From here on, it’s wall-to-wall action, and for the most part, that’s pretty awesome. We see the paladins fighting in and out of their lions and as Voltron. We see how Shiro functions as a guide for the team without stepping on Keith’s feet as the in-combat leader.
Shiro and Keith, in fact, get the majority of the time this season, and we learn about both of their pasts, how they came to know each other, and more.
Aside from those two, though, we get very little time with any of the other characters. There’s a lot of action to cover, admittedly, but Voltron has been about the Voltron force from the beginning – the five paladins and their supporting team.
The writers also made a major misstep with Shiro. One of the elements highlighted by the team at Comic-Con was Shiro’s romantic relationship previous to his being captured by Galra forces at the beginning of the show’s first season. Unfortunately, the character only ends up getting a couple minutes of time and serves as little more than a tragic plot point in Shiro’s story. The relationship is given so little time that it’s hard to see why the team hyped it up at all, and it comes off as feeling like they were getting fans excited for no good reason.
With that said, the action is really cool. there are tons of moments of the paladins bonding with their lions, connecting to them from far away and finding new ways to use them.
This is where the season excels, and if you’re in this show for the action then the back end of season 7 will be deeply satisfying.
In one of my favorite scenes, the paladins are summoning their lions from halfway across the solar system to come help them attack some core points in the Galra occupation’s defense, and one of the characters’ lions is lagging. It isn’t long, and creates just enough tension that when the lion jumps into the fray – just in time – it’s one of those fist-pumping moments the creators of the show have gotten really good at delivering. Voltron is supposed to be capable of defending the universe, and it’s moments like these that help drive that home.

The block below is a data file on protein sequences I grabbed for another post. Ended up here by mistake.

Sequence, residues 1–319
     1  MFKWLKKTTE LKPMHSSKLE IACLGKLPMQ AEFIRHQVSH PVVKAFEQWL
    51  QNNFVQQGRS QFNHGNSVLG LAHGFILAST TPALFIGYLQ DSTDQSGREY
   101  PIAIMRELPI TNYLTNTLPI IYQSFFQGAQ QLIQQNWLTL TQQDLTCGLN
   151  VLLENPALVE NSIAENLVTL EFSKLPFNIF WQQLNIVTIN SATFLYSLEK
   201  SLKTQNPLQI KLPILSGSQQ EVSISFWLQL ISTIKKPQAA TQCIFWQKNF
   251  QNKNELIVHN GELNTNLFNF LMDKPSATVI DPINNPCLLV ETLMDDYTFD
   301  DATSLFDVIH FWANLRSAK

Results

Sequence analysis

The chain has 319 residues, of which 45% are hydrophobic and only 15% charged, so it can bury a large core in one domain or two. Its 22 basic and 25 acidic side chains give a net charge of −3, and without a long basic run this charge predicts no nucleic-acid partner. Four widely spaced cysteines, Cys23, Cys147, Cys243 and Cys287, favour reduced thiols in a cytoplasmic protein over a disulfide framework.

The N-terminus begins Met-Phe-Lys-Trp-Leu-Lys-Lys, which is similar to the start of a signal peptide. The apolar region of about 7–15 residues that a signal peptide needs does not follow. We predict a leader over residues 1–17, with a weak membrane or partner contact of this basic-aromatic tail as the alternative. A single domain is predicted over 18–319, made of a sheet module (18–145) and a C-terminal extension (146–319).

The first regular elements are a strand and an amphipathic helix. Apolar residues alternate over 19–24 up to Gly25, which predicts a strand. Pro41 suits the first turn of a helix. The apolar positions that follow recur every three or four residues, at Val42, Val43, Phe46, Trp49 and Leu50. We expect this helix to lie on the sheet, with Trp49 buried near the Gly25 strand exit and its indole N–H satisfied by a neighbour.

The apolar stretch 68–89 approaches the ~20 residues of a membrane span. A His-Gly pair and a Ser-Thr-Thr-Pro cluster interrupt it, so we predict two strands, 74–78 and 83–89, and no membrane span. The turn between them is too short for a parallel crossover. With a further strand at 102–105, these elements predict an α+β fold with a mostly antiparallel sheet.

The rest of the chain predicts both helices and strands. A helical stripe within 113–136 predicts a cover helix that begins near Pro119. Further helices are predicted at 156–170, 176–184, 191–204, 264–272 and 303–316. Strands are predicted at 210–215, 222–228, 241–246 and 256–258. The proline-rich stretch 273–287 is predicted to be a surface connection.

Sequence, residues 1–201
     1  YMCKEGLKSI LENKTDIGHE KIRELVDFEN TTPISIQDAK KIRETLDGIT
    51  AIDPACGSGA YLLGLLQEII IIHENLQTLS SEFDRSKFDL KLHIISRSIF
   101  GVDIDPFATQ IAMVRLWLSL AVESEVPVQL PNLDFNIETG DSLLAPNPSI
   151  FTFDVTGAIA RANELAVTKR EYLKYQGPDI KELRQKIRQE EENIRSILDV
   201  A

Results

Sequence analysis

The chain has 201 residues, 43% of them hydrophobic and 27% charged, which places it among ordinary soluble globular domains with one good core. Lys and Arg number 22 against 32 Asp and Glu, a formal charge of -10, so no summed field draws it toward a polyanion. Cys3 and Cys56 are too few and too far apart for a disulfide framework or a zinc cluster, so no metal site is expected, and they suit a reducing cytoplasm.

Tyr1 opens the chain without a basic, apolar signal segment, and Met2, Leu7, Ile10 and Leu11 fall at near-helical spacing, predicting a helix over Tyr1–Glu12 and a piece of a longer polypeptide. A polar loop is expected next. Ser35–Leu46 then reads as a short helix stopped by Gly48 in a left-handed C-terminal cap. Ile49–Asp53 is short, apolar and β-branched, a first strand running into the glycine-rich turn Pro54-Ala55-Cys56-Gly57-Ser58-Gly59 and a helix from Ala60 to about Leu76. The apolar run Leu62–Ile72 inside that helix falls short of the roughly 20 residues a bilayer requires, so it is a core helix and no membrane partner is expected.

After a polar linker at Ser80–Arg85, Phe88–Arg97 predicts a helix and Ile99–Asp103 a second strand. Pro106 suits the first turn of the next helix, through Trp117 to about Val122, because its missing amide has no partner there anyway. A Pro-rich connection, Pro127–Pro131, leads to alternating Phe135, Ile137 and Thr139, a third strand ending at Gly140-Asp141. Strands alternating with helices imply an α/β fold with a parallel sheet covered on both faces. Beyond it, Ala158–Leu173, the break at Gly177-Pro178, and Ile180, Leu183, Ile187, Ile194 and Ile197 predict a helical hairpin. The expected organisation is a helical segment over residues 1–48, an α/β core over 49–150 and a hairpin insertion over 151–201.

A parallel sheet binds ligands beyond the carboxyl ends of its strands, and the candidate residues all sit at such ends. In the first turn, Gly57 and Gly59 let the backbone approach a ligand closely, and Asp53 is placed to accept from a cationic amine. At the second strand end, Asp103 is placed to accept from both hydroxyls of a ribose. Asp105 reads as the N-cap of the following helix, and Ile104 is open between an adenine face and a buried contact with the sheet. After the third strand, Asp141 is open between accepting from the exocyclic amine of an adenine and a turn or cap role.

Going into Season 8
My biggest question is what the show will be doing in season 8. Last season had the paladins defeating Prince Lotor. Admittedly, we never saw his body, but he indeed spends this season out of commission.
Instead, the villains we spend the most time with are some returning ones from earlier in the show that served secondary and tertiary purposes back when they originally appeared. It’s hard to guess at where the show will go in its final stretch.
I’m not worried, though. While Voltron has stumbled from time to time, it’s been a show I can go into with confidence each time there’s a new season. There’s always going to be fun to be had, coupled with great action, solid animation, and stellar voice acting. The crew has nailed the pacing, and the actors have nailed their roles.
Season 8 is debuting sometime in November of this year – Voltron: Legendary Defender is almost done.